A laptop in law library

What Are the Requirements to Get into Law School?

by Steve Eggleston 22nd February 2019

This last year, over 60,000 students applied to enter America’s law schools, according to the Law School Admission Council (LSAC). This is the largest percentage increase (8%) in nearly a decade of undergrads sending application packages to the 205 institutions approved as ABA-accredited law schools and the 32 which are not (many of the latter being night law programs for lower income, working, or older applicants).  Of those total applicants, a strong majority (55-60%) were accepted at one or more of the total 207 law schools operating in America, proving that there is an ascertainable and highly-achievable criteria for admission.

Postgraduate doctorate:

Going to law school is going to postgraduate school to obtain your Doctor of Jurisprudence degree. For all practical purposes, it is the process of obtaining a PhD, which is its academic equivalent. That means it is perceived as a higher, nobler calling in the world of academia and in society in general. For those who get into law school and graduate, a Juris Doctorate is a mantle that can be worn proudly for the rest of your life.

Undergraduate degree:

The sine qua non of getting into any postgraduate program is having successfully obtained a four-year (or equivalent) undergraduate degree from an American university or approved foreign school. Some postgraduate programs require very specific undergraduate studies for entry. For example, many medical schools require prospective students to have successfully completed classes in calculus, physics, biology, and chemistry. That is not the case for law school. A pre-law program can be anything, though it helps to be proficient in writing, analysis, government, and history. 

Preferred Undergraduate major:

Virtually all universities offer a pre-law program. Traditionally it was believed that studies in political science, government and American history gave the applicant an advantage; but today the advantage is modest (if any). Because of the intense training in logic, applicants majoring in the hard sciences, engineering, and math have proven to do especially well on the law school admissions tests and in law school itself. But whether this translates to the practice of law is another thing. The best advice perhaps is to study what you love and do your best to excel.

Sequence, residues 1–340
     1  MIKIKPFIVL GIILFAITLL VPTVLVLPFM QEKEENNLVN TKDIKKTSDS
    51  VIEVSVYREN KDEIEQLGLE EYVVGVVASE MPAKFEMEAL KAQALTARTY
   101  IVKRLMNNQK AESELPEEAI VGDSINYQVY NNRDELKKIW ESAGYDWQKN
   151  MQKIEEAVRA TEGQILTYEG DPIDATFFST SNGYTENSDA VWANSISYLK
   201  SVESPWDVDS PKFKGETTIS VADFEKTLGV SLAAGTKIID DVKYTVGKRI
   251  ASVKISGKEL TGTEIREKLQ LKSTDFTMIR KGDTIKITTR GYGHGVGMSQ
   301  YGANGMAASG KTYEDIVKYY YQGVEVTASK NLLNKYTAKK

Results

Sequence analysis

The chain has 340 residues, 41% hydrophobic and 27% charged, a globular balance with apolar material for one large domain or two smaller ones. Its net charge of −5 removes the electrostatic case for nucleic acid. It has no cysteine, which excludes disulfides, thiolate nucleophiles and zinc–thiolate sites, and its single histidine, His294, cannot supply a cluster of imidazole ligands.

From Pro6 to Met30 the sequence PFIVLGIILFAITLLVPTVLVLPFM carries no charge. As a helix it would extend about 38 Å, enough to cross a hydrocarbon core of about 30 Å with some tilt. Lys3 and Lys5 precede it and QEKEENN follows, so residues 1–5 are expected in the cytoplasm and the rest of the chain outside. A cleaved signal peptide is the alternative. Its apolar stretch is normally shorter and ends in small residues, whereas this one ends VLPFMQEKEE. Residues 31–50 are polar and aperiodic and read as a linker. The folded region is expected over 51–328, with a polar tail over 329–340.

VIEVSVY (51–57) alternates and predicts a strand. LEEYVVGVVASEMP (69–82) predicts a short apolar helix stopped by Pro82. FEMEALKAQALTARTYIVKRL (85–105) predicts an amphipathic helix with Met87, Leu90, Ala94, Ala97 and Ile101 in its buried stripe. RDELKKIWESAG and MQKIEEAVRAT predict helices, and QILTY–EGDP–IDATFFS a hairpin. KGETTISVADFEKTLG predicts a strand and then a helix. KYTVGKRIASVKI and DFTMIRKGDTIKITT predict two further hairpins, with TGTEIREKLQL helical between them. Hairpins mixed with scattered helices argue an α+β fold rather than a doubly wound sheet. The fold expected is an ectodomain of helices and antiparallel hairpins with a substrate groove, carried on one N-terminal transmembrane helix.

Admissions Tests:

Nearly all law school applicants take the LSAT, which is the official Law School Admission Test for the United States, Canada, and an increasing number of other countries worldwide. The LSAT is a standardized half-day test currently given at designated test centers (there are hundred nationally and internationally) five or six times per year by the Law SchoolAdmission Council to over 100,000 takers. Though most people take it once, it can be taken up to a dozen times. The average score is 150, testing principally reading comprehension, analysis, and logic (with the writing portion unscored).  Needless to say, a higher LSAT improves your chances of getting into most law schools (note: night lawschools are far less selective, relying on attrition as the screeningmechanism).

Undergraduate Grade Point Average: The importance of doing very well in your undergraduate courses goes without saying. The more prestigious the law school, the more important your undergraduate grade point average (UGPA) will be. Taken together, your UGPA and LSAT score are the two most significant factors in getting accepted into any ABA-accredited post-graduate legal program. Which is not to say that you can’t get in with lower scores. You can, because some programs don’t lead to licensure (only advanced degrees like an LLM or SJD), and because other factors are also considered. In fact, a growing number of law schools are beginning to accept GRE scores from the Graduate Records Examination, including the elite Harvard Law program.

Letters of Recommendation: